Boy, we really know how to wreck a good thing. Japan sends us their charismatic organizational expert and what do we do? We ruin her by turning her into a verb.
Maybe she’s partly to blame. (we also like to blame everyone else.) We had already fallen in love with her KonMari method through her book. It was inspiring, this idea that we could simplify our life by purging an item that no longer sparked joy, even as we graciously thanked it for its service.
But our admiration turned into obsession when she dropped a full season of her TV show on us on January 1, the day in which we are the most vulnerable to any suggestion that we can set ourselves up for a good year. We binge-watched and then we dumped piles of clothing onto our beds. We hugged that old sweatshirt from college, took a long, deep breath and tried to feel our sweatshirt-related feelings. The year ahead depended on this!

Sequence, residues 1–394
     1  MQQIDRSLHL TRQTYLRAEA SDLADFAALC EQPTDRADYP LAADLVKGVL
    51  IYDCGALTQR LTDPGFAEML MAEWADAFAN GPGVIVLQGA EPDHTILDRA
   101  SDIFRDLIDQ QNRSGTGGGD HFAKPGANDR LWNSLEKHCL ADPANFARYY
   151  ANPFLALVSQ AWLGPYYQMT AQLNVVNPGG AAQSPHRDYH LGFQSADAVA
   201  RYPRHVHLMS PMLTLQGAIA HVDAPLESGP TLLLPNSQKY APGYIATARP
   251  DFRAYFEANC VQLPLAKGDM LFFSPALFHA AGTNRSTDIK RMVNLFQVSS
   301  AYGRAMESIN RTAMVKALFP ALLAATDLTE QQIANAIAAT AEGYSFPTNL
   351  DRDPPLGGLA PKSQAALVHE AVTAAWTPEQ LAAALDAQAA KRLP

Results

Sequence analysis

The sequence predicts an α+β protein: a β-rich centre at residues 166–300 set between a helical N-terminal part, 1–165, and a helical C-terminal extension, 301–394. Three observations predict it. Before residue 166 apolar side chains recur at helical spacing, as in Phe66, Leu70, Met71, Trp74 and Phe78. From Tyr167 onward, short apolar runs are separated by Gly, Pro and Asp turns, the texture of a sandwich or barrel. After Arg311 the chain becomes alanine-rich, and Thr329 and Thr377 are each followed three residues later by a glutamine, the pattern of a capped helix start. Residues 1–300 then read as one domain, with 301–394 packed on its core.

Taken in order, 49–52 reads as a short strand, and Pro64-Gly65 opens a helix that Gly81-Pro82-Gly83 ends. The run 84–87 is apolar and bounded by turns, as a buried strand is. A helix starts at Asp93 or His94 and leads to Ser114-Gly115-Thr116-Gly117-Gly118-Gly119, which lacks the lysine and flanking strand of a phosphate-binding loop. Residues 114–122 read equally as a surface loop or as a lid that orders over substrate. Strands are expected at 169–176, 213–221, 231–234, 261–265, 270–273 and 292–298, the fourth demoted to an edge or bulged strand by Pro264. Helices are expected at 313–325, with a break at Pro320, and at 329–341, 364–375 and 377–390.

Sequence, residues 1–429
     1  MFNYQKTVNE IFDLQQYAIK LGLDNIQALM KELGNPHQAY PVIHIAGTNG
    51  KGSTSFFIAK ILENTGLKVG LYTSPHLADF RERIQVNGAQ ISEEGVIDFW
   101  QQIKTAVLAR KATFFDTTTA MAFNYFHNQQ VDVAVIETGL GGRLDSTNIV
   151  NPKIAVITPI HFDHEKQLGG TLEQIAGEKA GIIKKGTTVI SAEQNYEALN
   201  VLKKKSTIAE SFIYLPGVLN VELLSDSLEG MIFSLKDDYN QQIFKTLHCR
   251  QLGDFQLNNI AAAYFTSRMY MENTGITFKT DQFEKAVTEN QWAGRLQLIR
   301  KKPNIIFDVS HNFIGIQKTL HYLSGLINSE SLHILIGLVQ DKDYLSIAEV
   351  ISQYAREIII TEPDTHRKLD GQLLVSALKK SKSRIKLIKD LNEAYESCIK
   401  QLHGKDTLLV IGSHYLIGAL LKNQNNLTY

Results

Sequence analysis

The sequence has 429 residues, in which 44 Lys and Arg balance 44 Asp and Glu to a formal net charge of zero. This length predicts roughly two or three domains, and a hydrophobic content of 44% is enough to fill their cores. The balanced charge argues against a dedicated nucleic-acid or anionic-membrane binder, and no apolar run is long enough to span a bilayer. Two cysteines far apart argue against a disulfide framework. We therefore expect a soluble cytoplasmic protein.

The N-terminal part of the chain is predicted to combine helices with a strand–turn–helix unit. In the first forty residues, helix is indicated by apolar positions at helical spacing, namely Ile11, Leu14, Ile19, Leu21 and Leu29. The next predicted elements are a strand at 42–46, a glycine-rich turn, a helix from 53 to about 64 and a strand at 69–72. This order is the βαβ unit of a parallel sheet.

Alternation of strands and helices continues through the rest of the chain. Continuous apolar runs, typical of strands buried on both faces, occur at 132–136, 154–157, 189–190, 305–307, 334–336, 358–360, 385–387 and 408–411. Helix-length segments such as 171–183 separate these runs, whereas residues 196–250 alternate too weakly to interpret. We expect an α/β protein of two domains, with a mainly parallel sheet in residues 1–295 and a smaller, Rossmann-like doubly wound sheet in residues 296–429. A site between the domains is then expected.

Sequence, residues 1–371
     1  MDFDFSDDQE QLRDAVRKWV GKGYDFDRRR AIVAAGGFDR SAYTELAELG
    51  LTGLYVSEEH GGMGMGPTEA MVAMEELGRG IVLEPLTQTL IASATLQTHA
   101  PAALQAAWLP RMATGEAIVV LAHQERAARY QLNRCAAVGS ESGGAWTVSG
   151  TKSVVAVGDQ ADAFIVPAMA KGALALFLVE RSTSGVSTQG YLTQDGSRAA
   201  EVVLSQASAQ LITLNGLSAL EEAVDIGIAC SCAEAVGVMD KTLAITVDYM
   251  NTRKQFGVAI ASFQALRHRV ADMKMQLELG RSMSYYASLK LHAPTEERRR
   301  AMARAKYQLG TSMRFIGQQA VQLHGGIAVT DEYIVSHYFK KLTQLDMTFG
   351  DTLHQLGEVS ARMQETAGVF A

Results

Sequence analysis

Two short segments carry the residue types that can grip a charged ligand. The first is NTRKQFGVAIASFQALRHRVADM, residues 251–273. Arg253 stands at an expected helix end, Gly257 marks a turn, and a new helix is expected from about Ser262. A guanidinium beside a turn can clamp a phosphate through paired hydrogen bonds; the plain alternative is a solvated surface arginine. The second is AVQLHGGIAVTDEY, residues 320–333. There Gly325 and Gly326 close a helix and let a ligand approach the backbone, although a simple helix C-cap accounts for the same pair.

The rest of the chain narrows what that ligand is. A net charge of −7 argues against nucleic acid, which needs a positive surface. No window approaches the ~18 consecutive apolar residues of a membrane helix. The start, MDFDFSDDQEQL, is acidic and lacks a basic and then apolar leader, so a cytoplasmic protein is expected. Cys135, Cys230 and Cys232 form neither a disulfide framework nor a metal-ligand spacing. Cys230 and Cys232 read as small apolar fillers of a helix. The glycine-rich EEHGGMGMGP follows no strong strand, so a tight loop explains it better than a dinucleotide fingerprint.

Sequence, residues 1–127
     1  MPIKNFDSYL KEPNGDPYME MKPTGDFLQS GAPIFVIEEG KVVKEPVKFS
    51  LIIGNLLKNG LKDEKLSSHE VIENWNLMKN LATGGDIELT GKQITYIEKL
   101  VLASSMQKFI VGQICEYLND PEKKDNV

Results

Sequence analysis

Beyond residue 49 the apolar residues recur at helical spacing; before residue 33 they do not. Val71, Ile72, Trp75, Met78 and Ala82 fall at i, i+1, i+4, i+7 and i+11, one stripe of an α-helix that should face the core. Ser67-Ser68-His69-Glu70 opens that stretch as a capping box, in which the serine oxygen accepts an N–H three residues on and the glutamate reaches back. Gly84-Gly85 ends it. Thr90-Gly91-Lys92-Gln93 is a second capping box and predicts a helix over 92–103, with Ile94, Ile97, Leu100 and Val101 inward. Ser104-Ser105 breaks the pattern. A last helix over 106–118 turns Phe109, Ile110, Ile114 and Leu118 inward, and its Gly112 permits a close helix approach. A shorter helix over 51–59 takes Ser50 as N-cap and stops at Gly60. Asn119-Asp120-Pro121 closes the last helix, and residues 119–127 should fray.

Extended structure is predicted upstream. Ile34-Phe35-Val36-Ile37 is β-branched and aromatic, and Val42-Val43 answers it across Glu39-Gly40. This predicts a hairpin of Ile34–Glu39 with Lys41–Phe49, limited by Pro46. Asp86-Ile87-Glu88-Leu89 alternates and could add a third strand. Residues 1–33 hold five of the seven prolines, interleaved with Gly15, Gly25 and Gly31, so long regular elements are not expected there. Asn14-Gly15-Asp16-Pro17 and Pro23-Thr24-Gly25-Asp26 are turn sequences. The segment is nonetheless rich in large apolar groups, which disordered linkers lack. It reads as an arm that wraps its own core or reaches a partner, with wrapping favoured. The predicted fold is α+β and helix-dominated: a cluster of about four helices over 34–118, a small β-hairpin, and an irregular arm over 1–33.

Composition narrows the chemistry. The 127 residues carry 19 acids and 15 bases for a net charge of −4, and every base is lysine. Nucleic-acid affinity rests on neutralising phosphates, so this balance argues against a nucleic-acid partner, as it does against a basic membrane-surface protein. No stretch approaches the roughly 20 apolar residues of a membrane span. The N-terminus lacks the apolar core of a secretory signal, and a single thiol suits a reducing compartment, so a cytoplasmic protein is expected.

We felt so victorious that we moved on to our books, our kitchen cabinets, even our basements and attics. By the time the local Vinnies began to buckle under the weight of our donations, we’d become addicted. We needed the next fix. We began to ask, “I wonder what else I could ‘Marie Kondo’?”
And that’s when things got bad.
We “Marie Kondo’d” everything from our money to our personal relationships. Sure, at some point, most of us have to end a friendship. But to study up on “How to Marie Kondo Your Friends” just seems… off.
Marie was no longer simply the guru who could help us tidy up and simplify our homes by purging clothing, books, papers, mementos and miscellaneous items. No, we dragged her into every aspect of our lives, demanding nothing less than pure, unadulterated joy everywhere: from our smartphone apps to our email inboxes.
But you absolutely cannot “Marie Kondo your LinkedIn network in 4 steps.” No matter how many steps you take, LinkedIn will never spark joy. If anything, it sparks rage. Don’t put that pressure on Marie. She’s done enough.
So let’s tidy up our language here. Let’s declutter our expectations. Let’s Marie Kondo the way we use “Marie Kondo.”